Killed in the Line of Duty……………….
The following extremely detailed research into the life of AFS Fireman William Charles Plant has been carried out by researcher Fiona Smith.
William Charles Plant was a fresh faced young man, cut down in the prime of his life, like so many of his fellow Firefighters, on that awful night in April 1941. A man newly married, with a young son and a whole future ahead of him, a future that was so cruelly robbed by the tragic events that took place at the Old Palace School.
William Charles Plant was born on 29th August 1914 in Croydon, Surrey, the third of four children born to Robert and Lucy Plant (nee Jarvis). William’s three other siblings were Lucy Elizabeth Plant born in Bromley in 1908, Robert Plant born in Croydon in 1911 and Phyllis Plant born in 1916, also in Croydon. The marriage of William’s parents, Robert Plant and Lucy Jarvis, had been registered in Bromley in 1908.
The 1911 Census shows Robert Plant aged 24, living at 6, Hartfield Grove, Penge with his wife Lucy aged 22 and their children Lucy aged 2 and Robert aged 3 months. Robert’s occupation is recorded as a coachman for a tallyman and the family occupied just the one room. The census also records that the couple had been married for 2 years and had 2 children who both survived and that Robert Senior had been born in Poplar, his wife Lucy in Beckenham, Lucy Junior in Penge, and Robert Junior in Anerley.
The same 1911 census shows that the Hoadley family (a jobbing gardener father, mother, and three adult children) also lived at 6 Hartfield Grove. Their home had five rooms and this could indicate that Robert Plant and his family were renting from the Hoadley family at the time.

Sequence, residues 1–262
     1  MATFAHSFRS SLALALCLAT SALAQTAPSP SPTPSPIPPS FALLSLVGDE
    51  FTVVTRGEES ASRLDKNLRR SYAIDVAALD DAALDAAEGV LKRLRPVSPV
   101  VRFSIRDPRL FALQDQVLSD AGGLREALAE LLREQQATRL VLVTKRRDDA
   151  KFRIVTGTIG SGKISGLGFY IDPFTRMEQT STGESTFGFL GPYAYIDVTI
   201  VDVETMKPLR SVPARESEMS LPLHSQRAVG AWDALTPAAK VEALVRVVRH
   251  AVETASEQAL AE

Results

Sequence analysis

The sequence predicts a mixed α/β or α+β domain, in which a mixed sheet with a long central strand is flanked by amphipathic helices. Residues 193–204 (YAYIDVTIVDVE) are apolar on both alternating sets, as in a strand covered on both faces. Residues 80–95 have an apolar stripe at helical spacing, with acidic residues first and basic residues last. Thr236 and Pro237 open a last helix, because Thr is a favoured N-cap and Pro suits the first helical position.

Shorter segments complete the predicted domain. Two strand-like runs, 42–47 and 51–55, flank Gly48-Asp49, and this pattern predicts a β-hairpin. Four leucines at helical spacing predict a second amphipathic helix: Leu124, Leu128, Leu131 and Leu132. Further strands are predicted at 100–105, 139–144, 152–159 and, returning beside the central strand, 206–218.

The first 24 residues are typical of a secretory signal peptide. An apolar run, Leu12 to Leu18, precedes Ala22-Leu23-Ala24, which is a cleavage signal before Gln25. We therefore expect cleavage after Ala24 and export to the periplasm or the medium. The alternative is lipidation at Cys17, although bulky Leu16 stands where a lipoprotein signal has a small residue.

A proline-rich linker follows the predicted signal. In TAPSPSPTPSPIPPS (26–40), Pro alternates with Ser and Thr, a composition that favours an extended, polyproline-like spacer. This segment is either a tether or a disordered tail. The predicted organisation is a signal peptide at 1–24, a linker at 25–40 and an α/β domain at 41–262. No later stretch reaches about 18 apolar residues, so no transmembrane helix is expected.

Pictured above is a young William Charles Plant, with his whole future ahead of him, little did he know that fate was deal the cruelest of blows just a few years later. An image that captures all the ‘what if’s and what might have beens’, a man who had everything to look forward, his whole life ahead of him.
The 1921 Census shows that the Plant family have moved home and are living at 96, Pawleyne Road in Penge. At the time William was a schoolboy aged 6 years 10 months. His father was a labourer at Sydenham Gas Works, aged 32 and his mother was at home carrying out household duties aged 30. Also at home were William’s siblings, Lucy aged 12, Robert aged 10 and Phyllis aged 5.
(1921 Census for William Charles Plant)
(1921 Census fAddress or William Charles Plant)
Just prior to the start of the second World War, William Charles Plant married his sweetheart, Matilda L Proud (Tilly) in Bromley in 1938. We don’t know how they met, but the pictures clearly show a young couple devoted to each other.
(William Charles Plant and Tilly’s Wedding)
(William Charles Plant and Tilly’s Wedding)
William and Tilly only had the one child together before that tragic night altered the course of their lives forever. William Charles Plant Junior was born on 20th February 1939 in Bromley in Kent.
(Baby William Charles Plant Junior aged 7 months)
(William, Tilly and William Junior)
(William in his Fire Brigade Uniform, Tilly and William Junior)
The 1939 Register shows that William had left the family home after his marriage to Matilda (Tilly). Still living at the family home were Robert Plant (born 10th June 1885) a married window cleaner, living at 62 MacKenzie Road, Beckenham with his wife Lucy Plant, born 24th September 1890, doing unpaid domestic duties, and their daughter, unmarried laundress Phyllis Plant, born 21st March 1916. Unmarried shoe repairers Sidney Tuck and George Clarke also lived at the same address. The register records that Phyllis Plant later became Phyllis Arrowsmith and also shows that, living separately at the same address, were Robert and Lucy Plant’s daughter Lucy E Shepherd, her husband Leonard S Shepherd, and an individual whose details were redacted, likely Lucy and Leonard’s daughter Margaret L E Plant who was aged four.
The 1939 Register shows William Plant, born 29 August 1914, as a married plumber’s mate living at 24, Sultan St, Bromley, Beckenham, Kent with his wife Matilda (recorded as Matilder) Plant, born 15th October 1916, doing unpaid domestic duties, and their son, William C Plant, born 20th February 1939.